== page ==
- Wagner C, Sauermann R, Joukhadar C: Principles of antibiotic penetration into abscess fluid. Pharmacology. 2006, 78: 1-10. 10.1159/000094668.View ArticlePubMedGoogle Scholar
- Hirsch EB, Tam VH: Detection and treatment options for Klebsiella pneumoniae carbapenemases (KPCs): an emerging cause of multidrug-resistant infection. J Antimicrob Chemother. 2010, 65: 1119-1125. 10.1093/jac/dkq108.View ArticlePubMedGoogle Scholar
- Sheng WH, Wang JT, Li SY, Lin YC, Cheng A, Chen YC, Chang SC: Comparative in vitro antimicrobial susceptibilities and synergistic activities of antimicrobial combinations against carbapenem-resistant Acinetobacter species Acinetobacter baumannii versus Acinetobacter genospecies 3 and 13TU. Diagn Microbiol Infect Dis. 2011, 70: 380-386. 10.1016/j.diagmicrobio.2011.03.003.View ArticlePubMedGoogle Scholar
- Mezzatesta ML, Gona F, Caio C, Petrolito V, Sciortino D, Sciacca A, Santangelo C, Stefani S: Outbreak of KPC-3-producing, and colistin-resistant, Klebsiella pneumoniae infections in two Sicilian hospitals. Clin Microbiol Infect. 2011, 17: 1444-1447.View ArticlePubMedGoogle Scholar
- Mizuno T, Yokoyama Y, Nishio H, Ebata T, Sugawara G, Asahara T, Nomoto K, Nagino M: Intra-operative bacterial translocation detected by bacterium-specific ribosomal rna-targeted reverse-transcriptase polymerase chain reaction for the mesenteric lymph node strongly predicts postoperative infectious complications after major hepatectomy for biliary malignancies. Ann Surg. 2010, 252: 1013-1019. 10.1097/SLA.0b013e3181f3f355.View ArticlePubMedGoogle Scholar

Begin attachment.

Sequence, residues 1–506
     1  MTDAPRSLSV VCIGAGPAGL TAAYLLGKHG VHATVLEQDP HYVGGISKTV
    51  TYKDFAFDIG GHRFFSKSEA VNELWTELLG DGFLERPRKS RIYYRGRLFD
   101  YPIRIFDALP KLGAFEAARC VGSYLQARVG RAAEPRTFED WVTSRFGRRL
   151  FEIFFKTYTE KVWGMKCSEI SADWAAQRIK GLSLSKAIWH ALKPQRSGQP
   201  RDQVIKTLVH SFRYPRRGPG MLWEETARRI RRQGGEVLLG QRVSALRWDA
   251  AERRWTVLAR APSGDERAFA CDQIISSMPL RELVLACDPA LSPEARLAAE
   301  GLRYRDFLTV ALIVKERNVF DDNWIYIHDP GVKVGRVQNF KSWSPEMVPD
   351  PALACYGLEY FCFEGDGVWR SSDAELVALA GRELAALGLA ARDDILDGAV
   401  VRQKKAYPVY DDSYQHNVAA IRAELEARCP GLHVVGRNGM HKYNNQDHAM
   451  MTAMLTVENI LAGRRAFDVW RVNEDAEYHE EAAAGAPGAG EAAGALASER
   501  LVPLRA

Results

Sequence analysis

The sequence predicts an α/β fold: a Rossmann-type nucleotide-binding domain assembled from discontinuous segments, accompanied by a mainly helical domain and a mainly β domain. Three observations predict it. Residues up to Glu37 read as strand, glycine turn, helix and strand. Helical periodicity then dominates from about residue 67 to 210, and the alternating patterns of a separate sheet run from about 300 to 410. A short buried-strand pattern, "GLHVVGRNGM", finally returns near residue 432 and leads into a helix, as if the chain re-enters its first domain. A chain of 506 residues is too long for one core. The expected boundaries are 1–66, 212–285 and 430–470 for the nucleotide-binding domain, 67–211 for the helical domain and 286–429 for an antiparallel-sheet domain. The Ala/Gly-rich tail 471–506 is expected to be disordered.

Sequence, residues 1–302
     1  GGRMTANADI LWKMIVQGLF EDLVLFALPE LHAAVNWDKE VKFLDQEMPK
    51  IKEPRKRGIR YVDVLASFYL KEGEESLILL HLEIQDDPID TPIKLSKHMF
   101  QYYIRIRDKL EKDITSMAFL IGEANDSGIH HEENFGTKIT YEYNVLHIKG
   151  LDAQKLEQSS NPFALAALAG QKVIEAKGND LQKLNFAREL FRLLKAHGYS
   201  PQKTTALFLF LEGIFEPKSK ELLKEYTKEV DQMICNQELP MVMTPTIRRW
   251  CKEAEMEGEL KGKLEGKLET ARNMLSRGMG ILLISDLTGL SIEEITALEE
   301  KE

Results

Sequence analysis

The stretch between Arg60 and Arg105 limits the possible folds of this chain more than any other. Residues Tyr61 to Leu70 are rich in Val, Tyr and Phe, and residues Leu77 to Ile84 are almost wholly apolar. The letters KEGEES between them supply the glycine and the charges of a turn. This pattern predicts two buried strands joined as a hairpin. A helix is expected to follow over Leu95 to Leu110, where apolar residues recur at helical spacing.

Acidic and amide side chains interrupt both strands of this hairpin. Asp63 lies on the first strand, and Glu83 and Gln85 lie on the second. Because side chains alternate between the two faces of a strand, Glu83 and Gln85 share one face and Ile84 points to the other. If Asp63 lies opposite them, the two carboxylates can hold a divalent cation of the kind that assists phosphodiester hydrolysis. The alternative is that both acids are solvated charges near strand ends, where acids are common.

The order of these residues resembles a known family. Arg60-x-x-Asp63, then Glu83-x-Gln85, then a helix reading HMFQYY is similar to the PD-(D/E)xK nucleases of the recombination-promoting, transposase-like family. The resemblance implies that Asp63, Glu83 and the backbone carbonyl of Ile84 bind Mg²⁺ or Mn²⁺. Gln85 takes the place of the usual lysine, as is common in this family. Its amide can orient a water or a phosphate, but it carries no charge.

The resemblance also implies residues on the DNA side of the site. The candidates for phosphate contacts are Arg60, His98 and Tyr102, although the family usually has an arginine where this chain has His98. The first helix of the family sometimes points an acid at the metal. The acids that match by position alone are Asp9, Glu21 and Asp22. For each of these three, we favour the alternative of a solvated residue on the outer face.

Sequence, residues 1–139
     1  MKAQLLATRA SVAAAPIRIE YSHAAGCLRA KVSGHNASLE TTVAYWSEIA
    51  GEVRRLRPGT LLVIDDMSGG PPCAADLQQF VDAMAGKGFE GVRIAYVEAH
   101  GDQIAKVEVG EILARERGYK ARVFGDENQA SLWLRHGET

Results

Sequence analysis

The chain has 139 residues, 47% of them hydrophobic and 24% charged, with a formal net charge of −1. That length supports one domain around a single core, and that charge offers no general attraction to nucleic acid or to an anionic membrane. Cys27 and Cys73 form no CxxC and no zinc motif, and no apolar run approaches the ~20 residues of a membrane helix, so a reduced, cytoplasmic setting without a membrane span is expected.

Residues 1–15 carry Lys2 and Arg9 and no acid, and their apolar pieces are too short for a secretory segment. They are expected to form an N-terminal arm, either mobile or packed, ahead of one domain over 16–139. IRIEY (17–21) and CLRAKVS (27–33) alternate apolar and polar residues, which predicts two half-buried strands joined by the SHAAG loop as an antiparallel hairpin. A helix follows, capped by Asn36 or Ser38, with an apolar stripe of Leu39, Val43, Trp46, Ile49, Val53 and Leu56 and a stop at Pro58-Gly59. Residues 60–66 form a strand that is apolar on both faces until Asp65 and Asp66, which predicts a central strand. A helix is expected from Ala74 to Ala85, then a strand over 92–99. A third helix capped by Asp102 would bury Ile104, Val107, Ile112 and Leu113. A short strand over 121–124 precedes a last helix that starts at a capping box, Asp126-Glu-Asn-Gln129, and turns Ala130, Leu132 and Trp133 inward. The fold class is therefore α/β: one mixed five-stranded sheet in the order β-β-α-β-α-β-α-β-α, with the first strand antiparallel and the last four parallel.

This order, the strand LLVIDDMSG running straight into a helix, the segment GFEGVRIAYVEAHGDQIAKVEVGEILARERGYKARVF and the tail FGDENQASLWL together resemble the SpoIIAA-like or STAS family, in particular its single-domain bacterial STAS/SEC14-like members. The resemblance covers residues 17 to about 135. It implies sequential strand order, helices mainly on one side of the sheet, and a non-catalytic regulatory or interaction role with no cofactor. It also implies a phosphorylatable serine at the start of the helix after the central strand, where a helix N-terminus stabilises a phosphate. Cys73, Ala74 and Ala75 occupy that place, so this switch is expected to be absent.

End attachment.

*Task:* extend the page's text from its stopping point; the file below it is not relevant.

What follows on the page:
- Souli M, Galani I, Boukovalas S, Gourgoulis MG, Chryssouli Z, Kanellakopoulou K, Panagea T, Giamarellou H: In vitro interactions of antimicrobial combinations with fosfomycin against KPC-2-producing Klebsiella pneumoniae and protection of resistance development. Antimicrob Agents Chemother. 2011, 55: 2395-2397. 10.1128/AAC.01086-10.View ArticlePubMedPubMed CentralGoogle Scholar
- Centers for Disease Control and Prevention: Guidance for control of infections with carbapenem-resistant or carbapenemase producing Enterobacteriaceae in acute care facilities. MMWR. 2009, 58: 256-260.Google Scholar
- The pre-publication history for this paper can be accessed here:http://www.biomedcentral.com/1471-230X/11/103/prepub
This article is published under license to BioMed Central Ltd. This is an Open Access article distributed under the terms of the Creative Commons Attribution License (http://creativecommons.org/licenses/by/2.0), which permits unrestricted use, distribution, and reproduction in any medium, provided the original work is properly cited.